The truth about texting

Teen texting in bed

GRAND RAPIDS, Mich. (WOTV) Wherever you go, people young and old are on their phones. It’s important to know whether they’re doing more harm than good.

Maranda spoke with two juniors from Jenison High School, part of the Ottawa Area Intermediate School District. They say they always have their phones on them to stay in touch with family and friends and for the safety and comfort of being available.

Math teacher Kristin Terrigno puts that to good use in the classroom. She uses cell phones in the classroom as part of students’ education. She says there are apps for assessments, to alert students for tests and homework, and she uses cell phones to stay in touch with students. Technology helps extend learning outside the classroom so education doesn’t end when the bell rings.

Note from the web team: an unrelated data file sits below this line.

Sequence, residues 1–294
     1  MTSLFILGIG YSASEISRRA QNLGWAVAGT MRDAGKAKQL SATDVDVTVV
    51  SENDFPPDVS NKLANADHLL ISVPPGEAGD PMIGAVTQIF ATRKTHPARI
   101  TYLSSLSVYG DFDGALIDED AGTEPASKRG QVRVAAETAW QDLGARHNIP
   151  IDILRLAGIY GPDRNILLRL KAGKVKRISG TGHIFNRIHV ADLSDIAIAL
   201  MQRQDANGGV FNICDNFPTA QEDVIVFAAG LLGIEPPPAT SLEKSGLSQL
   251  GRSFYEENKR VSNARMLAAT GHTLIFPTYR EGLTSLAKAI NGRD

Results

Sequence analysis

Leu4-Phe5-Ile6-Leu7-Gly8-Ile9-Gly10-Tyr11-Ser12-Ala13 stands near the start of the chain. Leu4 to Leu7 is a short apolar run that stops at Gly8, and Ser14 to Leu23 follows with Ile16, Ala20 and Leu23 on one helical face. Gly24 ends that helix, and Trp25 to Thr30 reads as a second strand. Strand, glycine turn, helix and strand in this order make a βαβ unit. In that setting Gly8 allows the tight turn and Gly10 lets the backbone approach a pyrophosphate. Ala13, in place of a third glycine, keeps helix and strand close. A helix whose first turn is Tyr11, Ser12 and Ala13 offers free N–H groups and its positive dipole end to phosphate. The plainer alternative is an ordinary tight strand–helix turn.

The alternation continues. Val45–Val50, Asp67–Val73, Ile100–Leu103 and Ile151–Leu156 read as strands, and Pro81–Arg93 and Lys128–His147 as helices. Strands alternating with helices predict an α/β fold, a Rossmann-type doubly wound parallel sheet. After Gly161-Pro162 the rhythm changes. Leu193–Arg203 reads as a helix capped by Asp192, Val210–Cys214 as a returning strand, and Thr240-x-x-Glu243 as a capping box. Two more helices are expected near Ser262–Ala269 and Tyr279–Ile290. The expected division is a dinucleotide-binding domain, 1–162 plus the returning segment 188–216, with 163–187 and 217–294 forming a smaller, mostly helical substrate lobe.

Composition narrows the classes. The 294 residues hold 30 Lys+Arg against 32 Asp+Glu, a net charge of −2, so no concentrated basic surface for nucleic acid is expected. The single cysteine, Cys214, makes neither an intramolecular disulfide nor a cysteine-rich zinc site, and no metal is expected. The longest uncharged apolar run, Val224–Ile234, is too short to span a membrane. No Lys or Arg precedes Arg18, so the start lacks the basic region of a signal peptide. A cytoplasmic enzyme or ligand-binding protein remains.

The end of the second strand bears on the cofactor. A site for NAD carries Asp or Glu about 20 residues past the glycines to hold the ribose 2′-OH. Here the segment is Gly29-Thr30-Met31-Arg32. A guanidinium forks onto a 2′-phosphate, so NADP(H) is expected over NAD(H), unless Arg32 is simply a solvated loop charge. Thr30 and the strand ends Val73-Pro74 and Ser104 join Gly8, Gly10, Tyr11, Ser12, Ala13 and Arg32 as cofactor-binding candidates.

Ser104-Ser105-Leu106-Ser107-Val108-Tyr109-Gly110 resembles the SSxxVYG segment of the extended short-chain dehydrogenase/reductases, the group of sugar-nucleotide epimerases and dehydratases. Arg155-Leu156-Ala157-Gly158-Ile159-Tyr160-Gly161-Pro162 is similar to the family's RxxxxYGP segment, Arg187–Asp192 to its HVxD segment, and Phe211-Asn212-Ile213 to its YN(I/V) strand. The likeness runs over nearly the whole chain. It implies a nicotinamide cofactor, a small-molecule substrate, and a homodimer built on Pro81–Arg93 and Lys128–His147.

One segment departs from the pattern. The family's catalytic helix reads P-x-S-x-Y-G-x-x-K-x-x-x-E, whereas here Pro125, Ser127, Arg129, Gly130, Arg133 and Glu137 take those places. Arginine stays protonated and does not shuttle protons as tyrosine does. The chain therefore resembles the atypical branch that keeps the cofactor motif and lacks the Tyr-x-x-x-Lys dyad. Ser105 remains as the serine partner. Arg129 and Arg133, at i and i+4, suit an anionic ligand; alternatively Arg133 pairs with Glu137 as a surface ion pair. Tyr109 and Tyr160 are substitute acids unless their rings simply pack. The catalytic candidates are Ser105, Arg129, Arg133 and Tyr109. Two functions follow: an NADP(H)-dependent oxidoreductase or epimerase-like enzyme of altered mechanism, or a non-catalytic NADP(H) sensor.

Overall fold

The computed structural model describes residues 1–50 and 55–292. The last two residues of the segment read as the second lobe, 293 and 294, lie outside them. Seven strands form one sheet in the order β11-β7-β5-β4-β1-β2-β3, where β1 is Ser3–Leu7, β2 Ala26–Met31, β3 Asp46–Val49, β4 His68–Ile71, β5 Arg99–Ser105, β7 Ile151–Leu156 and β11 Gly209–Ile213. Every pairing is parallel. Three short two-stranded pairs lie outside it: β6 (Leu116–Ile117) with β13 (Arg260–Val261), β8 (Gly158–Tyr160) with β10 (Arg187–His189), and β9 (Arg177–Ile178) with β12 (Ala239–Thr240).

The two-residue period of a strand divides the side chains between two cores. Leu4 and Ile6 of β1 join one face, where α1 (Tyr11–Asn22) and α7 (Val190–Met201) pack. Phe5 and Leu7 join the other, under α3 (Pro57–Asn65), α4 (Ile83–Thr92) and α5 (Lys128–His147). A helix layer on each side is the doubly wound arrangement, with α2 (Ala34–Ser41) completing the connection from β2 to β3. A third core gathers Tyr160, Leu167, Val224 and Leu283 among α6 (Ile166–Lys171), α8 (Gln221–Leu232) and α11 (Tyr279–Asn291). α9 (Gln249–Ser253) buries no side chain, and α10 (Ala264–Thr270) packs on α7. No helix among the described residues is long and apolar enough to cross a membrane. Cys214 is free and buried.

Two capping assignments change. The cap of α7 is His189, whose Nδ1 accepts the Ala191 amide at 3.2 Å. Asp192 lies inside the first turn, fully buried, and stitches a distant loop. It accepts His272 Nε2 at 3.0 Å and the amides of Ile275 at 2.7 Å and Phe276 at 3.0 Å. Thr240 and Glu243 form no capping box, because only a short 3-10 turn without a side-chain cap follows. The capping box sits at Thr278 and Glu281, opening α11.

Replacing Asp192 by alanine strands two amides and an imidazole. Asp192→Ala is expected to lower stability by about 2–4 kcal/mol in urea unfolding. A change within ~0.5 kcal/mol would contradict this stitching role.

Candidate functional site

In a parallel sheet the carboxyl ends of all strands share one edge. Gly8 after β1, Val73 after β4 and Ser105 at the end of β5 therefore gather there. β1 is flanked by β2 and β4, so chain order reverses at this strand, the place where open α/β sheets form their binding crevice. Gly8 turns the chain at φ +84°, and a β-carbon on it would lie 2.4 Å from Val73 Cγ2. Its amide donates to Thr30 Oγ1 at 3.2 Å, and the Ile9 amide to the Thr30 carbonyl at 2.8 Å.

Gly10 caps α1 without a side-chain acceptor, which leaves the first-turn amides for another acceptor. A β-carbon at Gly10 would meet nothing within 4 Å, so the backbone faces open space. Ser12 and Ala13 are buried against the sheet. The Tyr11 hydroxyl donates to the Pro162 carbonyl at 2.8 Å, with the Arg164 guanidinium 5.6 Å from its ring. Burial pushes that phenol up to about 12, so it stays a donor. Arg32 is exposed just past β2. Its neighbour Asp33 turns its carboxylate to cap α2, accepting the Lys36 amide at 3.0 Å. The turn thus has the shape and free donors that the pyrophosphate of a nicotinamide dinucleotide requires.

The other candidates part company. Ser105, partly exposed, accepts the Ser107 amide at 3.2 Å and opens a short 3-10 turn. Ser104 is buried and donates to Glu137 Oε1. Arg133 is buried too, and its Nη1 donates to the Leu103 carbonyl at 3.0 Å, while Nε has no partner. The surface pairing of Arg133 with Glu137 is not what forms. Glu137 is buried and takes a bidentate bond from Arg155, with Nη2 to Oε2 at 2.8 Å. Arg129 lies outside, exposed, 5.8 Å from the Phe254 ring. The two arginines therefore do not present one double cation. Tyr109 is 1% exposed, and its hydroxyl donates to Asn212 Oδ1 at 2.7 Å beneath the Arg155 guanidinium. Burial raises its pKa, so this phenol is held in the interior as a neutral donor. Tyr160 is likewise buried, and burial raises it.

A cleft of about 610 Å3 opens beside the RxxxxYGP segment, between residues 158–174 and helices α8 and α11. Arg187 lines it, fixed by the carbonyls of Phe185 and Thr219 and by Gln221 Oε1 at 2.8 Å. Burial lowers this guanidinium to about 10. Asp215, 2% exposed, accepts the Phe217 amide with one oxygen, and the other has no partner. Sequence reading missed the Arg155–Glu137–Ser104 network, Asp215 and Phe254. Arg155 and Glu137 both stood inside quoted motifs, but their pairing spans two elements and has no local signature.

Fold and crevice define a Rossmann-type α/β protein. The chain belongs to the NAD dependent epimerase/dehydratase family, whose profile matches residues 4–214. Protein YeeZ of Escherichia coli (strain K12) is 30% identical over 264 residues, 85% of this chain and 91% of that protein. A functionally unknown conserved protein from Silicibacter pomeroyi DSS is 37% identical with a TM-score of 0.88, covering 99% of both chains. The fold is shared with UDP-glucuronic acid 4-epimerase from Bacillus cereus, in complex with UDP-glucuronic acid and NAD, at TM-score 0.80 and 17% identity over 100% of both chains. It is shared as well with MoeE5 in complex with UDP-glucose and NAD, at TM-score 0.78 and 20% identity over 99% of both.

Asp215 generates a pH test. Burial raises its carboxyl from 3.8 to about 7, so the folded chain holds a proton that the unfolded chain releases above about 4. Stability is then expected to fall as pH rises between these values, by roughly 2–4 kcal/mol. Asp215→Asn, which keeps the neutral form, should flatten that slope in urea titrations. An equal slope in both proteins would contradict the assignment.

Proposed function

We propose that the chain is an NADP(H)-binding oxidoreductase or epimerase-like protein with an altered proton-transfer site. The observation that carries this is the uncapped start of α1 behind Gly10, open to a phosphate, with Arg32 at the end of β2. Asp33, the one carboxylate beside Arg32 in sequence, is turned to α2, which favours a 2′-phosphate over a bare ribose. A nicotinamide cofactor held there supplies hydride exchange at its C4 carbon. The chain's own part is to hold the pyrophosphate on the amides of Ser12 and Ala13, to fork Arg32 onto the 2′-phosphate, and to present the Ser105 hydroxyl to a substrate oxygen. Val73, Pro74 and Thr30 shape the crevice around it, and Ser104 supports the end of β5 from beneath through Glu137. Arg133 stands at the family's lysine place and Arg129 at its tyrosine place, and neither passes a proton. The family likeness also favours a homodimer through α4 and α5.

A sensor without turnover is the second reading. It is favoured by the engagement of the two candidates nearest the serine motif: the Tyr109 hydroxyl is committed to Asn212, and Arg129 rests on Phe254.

Dr. John Schuen, Pediatric Pulmonologist with Helen DeVos Children’s Hospital, says electronics and texting can be disruptive. He says the light from a cell phone, tablet, or laptop at night can promote alertness, resulting in decreased sleep, increased fatigue, and poor performance in school.

Humans’ internal sleep clock is guided by light. Bright lights are fine during the daytime, but at night, bright lights will reset the sleep clock. More subdued lighting in the evening is best. Avoid bright lights or video games for one to two hours before bed.

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